In my last two articles I talked about selecting lawn types as well as preparation and establishment of new lawns. But what do you do to maintain a healthy and lush lawn?
Fortunately, most of lawn maintenance is relatively easy.
The most important and most time consuming aspect to lawn maintenance is mowing. This may seem obvious, but incorrect mowing can reduce the health of your lawn. Lawns need to be mown regularly during the growing season. Grass left to grow too long is not only harder to mow; it also thins out at the base. When you do get around to mowing, you are left with a pale, clumpy lawn with many small bare patches – the perfect spots for weeds to take hold.
The height of the cut is equally important. While actively growing, the mower blades should be set at the recommended height for your type of grass. When the growth slows down in autumn, the mower bed should be raised a notch or two to ensure that the lawn is not scalped, once again creating footholds for weeds.
Lawns are fairly high consumers of nitrogen and some other nutrients. Because we cut the tops off the little plants every time they grow a bit and then we take away these clippings (ideally to the compost heap), not much is being returned to the soil. An established lawn will benefit from a dose of fertiliser every 3 months.
Sometimes a lawn loses its lustre and no matter what you try, it doesn’t come good. This can be caused by age, lack of nutrients, mowing too low or compaction due to parking cars or building works. Even the constant rain like we experienced earlier this year can compromise the health of a lawn by altering the structure of the top soil. Damaged lawns will benefit from a renovation which includes dethatching, scalping, topdressing and the application of soil conditioners and fertilisers. This is best to take place in spring, just as the grass is gearing itself up for the summer season.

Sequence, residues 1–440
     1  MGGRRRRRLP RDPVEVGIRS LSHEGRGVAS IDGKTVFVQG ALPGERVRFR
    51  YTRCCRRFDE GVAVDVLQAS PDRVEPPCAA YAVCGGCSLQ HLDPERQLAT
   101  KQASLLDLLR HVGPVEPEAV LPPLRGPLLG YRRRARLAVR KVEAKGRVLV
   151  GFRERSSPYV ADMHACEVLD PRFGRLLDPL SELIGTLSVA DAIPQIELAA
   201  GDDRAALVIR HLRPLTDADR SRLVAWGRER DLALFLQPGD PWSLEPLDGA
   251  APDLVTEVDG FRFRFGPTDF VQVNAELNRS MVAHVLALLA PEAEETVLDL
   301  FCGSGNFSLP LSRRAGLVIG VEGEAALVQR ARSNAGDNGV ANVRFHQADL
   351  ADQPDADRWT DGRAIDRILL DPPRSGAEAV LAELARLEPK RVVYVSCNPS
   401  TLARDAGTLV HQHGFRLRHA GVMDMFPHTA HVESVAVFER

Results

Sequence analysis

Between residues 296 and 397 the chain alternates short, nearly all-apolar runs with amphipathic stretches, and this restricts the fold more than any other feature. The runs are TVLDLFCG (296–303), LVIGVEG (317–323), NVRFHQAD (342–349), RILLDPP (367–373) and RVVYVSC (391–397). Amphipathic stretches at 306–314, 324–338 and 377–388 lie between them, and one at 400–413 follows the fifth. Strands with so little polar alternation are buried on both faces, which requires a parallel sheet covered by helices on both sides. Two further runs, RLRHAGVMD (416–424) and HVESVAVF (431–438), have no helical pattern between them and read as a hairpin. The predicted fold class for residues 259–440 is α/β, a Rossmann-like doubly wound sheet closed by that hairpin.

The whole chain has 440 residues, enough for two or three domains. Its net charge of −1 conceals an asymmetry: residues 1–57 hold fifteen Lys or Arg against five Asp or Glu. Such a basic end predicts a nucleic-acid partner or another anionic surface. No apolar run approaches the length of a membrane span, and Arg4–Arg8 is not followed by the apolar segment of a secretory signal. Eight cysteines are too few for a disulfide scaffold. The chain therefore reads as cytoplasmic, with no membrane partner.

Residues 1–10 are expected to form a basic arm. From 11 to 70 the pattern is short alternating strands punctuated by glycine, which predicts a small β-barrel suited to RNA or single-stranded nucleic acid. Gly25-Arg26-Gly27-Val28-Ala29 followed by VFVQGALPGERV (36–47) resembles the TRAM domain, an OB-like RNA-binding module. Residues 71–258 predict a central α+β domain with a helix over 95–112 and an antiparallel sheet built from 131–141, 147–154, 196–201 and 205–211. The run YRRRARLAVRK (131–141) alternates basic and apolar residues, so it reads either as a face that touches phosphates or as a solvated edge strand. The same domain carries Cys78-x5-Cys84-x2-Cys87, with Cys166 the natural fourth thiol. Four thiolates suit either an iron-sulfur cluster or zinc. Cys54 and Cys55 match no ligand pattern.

Lawns are affected by several pests and diseases
The most noticeable pests are lawn grubs. Lawn grubs may be the Armyworm or the Sod Webworm. Both can do their damage between late spring and late autumn and both are active at night. Lawns infested by these pests can be devastated within a few nights and once you see large dead patches, it is too late to treat that attack, but treatment can prevent further infestations.
Insecticides are available to break the life cycle of lawn grubs. These are toxic and may impact on your local ecosystem. Follow the instructions carefully on the labels of any horticultural chemicals you buy and do not over use them.
Nature does have its own control for this pest, such as the Ike Newman wasp which lays its eggs in the grub’s body. Insecticides will also kill the wasp. To reduce the size of future attacks check under the eaves of your house. If you see soft yellow mounds, these are the moths’ eggs. Remove these with a broom or soapy wash.
Lawns can also be affected by fungi such as Brown Patch and Grey Leaf Spot. Both can be treated with systemic fungicides, but firstly, make sure that the lawn has adequate drainage and good airflow.
Once your lawn is established and lush, all you need to do is lay back on it and look for interesting shapes in the clouds. I could have sworn that I saw the Olympic rings among the clouds the other day.